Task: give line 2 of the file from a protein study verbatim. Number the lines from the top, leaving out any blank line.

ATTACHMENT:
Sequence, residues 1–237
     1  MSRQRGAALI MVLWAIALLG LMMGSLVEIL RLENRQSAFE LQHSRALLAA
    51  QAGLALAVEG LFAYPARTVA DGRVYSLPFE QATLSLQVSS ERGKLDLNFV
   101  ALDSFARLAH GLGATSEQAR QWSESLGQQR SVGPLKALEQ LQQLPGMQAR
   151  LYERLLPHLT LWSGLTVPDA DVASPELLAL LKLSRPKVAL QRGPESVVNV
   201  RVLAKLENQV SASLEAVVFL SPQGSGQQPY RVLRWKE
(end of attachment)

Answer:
     1  MSRQRGAALI MVLWAIALLG LMMGSLVEIL RLENRQSAFE LQHSRALLAA